“It’s one of our best games we’ve played all year in terms of moving the ball and passing the ball. This was a fun game to watch,” he said.
Game 3 was another rout, 8-0 over Fallston. The Force came into the final game needing only a tie to win the title.
But the Parkland (Pa.) Raiders nearly denied the locals even that much.
Parkland scored early in the game, but North Carroll tied it 1-1 before halftime.
With 10 minutes remaining, the Raiders scored out of a scramble in front to the net to go up 2-1. The Force, which had swept three games without giving up a goal at all, were in danger of losing the championship.
But a handball penalty with about four minutes remaining gave the Carrol County squad a free kick which it converted to tie the contest.
That’s how the game ended, and North Carroll had its championship.
“A win is always better than a tie, but I thought the kids played fantastically,” Fritz said.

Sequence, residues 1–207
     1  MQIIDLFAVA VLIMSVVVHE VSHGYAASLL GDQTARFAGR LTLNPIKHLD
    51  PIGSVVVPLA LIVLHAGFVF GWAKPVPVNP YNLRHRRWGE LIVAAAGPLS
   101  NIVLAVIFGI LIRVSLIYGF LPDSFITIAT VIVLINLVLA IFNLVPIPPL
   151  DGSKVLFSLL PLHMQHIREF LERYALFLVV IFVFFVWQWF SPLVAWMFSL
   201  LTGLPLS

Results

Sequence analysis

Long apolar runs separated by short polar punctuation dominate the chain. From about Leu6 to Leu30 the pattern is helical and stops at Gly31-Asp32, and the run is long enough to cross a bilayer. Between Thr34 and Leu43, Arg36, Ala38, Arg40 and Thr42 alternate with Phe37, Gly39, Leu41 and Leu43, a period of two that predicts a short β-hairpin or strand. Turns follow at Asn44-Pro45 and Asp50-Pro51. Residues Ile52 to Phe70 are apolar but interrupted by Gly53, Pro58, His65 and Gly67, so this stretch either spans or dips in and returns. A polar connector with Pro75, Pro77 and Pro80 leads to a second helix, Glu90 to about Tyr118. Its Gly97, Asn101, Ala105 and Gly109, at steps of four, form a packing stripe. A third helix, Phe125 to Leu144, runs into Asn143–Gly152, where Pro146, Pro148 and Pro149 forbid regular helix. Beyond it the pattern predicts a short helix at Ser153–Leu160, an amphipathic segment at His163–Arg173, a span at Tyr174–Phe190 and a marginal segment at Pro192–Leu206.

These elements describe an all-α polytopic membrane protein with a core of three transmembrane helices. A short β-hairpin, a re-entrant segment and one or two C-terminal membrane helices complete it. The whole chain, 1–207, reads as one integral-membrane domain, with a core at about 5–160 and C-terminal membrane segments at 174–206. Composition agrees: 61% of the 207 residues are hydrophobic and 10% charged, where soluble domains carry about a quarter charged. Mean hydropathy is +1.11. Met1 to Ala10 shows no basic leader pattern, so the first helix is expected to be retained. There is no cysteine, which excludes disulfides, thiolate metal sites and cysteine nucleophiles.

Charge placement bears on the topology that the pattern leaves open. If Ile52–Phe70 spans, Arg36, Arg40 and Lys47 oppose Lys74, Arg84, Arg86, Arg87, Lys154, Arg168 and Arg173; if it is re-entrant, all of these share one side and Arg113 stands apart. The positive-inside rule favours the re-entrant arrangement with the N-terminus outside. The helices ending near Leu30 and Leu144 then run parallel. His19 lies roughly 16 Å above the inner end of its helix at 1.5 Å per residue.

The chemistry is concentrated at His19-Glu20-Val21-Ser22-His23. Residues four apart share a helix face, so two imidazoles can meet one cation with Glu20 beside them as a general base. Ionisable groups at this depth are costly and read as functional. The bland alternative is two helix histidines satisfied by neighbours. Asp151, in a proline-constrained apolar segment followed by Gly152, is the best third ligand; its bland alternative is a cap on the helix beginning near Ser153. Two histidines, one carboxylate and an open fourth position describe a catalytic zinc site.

Looking for the toughest competition available, he’s tested his team against some clubs that are top-ranked in Maryland and even nationally.
And it has measured up.
He noted his team had played well against No. 1-ranked Maryland team, Brausa SC, last summer. The Force lost 1-0.
But he really took satisfaction with a pair of games against Penn Fusion, a nationally-ranked youth soccer team.
"We lost 9-1 to them in August, 2017. We really got our heads handed to us,” Fritz said. “But last August, almost to the day, we played them again and tied 1-1. We could have won. That’s the kind of improvement we look for.”
Fritz says North Carroll is ranked 21st in Maryland, but added his squad has already beaten half of the teams ranked ahead of it.
But while he likes the ranking, he says his primary goal is to prepare his players for high school soccer.
An assistant boys varsity coach at Manchester Valley, Fritz believes that about 95 percent of his youth players will one day join him there. Fritz has hoped they’d form a state champion team ever since they played under-8 soccer for him.